- Associated Press - Monday, April 6, 2015

CHARLESTON, S.C. (AP) - There’s concern about cannibal shrimp along the South Carolina coast.

The state Department of Natural Resources is taking part in a regional study to determine if invasive tiger shrimp eat native shrimp, The Post and Courier of Charleston reports (https://bit.ly/1HH2kQS ).

Tiger shrimp are native to Asia and are about twice as large as local shrimp. They were spotted along the coast as early as a decade ago but started turning up in larger numbers in South Carolina waters after Hurricane Irene in 2011.

“They’re becoming more commonplace,” said Amy Fowler, a marine scientist with the department who says the regional study is the first of its type.

Biologists are trying to determine if reports that the tiger shrimp eat local varieties are true. DNR is asking commercial and recreational shrimpers to freeze samples of tiger shrimp they catch and bring them in so their stomach contents can be checked.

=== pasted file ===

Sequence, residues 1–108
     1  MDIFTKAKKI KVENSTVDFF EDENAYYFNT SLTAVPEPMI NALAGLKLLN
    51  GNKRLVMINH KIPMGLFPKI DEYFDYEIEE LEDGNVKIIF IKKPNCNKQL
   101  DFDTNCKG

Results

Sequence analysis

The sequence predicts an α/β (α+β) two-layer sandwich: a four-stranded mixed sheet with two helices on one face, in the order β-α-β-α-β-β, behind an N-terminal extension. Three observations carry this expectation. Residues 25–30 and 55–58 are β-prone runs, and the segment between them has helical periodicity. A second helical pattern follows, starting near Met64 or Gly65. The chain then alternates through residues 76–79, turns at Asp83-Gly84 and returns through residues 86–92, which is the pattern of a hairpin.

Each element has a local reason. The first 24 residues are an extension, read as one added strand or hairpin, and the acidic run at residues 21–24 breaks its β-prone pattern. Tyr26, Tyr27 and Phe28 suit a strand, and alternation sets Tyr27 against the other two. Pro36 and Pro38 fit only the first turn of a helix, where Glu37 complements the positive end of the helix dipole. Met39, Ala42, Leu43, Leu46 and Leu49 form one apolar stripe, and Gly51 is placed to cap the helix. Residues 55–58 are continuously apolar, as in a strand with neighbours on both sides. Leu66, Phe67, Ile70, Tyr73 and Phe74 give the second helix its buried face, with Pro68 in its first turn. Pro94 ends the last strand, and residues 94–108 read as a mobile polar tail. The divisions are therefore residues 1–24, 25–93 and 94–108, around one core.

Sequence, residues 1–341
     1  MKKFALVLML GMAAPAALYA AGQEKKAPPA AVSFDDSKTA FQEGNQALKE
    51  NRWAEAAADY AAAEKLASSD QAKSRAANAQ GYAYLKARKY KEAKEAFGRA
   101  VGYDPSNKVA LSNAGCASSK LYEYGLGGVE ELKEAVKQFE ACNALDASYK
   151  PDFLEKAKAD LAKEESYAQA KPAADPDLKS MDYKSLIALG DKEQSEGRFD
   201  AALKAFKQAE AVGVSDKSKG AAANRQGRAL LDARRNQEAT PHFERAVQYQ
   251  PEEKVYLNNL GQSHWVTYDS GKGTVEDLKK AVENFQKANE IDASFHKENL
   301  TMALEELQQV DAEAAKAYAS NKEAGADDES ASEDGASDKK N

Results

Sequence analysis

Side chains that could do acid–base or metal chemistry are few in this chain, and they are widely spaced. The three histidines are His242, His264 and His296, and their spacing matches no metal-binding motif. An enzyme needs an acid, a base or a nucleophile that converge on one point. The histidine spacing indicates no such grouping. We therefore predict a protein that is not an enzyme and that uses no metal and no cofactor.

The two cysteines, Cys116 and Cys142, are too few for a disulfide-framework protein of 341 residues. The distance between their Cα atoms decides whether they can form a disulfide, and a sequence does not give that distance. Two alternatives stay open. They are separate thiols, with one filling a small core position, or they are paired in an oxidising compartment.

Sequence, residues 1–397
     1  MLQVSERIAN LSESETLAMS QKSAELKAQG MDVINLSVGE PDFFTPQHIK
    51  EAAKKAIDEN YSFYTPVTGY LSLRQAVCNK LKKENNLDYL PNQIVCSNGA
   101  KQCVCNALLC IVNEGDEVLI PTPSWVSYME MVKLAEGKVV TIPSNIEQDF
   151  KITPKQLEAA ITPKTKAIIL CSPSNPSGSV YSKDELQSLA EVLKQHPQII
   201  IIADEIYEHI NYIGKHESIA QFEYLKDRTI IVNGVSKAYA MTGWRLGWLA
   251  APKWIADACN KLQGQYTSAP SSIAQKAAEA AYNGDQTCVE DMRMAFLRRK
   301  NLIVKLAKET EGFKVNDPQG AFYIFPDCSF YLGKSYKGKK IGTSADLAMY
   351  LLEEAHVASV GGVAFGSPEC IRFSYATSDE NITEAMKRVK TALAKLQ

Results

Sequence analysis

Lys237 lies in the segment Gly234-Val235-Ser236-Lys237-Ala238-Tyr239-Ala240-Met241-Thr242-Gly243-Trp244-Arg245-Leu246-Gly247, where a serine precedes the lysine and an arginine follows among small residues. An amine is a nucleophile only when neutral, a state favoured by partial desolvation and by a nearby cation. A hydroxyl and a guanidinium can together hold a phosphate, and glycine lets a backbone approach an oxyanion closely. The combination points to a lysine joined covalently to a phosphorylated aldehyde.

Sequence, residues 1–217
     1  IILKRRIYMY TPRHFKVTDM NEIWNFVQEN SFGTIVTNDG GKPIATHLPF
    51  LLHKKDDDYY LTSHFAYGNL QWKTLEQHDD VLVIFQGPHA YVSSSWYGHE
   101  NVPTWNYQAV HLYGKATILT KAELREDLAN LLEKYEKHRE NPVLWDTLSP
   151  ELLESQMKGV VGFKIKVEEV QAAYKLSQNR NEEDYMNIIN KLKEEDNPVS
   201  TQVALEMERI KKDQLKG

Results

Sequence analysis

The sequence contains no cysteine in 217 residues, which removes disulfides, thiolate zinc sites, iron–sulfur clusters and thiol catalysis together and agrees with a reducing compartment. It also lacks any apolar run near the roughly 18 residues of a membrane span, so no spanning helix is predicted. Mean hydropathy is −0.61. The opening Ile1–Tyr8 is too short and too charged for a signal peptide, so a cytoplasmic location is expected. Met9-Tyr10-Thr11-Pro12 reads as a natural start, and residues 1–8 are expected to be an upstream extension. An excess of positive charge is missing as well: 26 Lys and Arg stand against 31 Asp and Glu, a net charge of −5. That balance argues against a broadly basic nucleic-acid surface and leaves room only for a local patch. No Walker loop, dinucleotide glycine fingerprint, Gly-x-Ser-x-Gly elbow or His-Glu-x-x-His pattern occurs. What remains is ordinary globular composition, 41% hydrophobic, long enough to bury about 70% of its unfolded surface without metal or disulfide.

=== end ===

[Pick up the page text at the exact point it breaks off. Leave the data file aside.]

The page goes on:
There also are concerns that the tiger shrimp could carry diseases that could affect native shrimp stocks. They are also more aggressive and marine biologists worry they could edge out local shrimp in the competition for food.

Tiger shrimp are farmed in South America and in the Caribbean and researchers suspect they were swept into the ocean during hurricanes and have been moving northward.

The newspaper also reported that 2,000 tiger shrimp were accidently released from a seaside shrimp farm in Bluffton, South Carolina, back in 1988. Shrimpers harvested about 300 tiger shrimp that year but then the tigers disappeared offshore of South Carolina for the next 18 years.


Contact DNR about tiger shrimp by emailing tigershrimp@dnr.sc.gov or by calling 843-953-4985.


Information from: The Post and Courier, https://www.postandcourier.com

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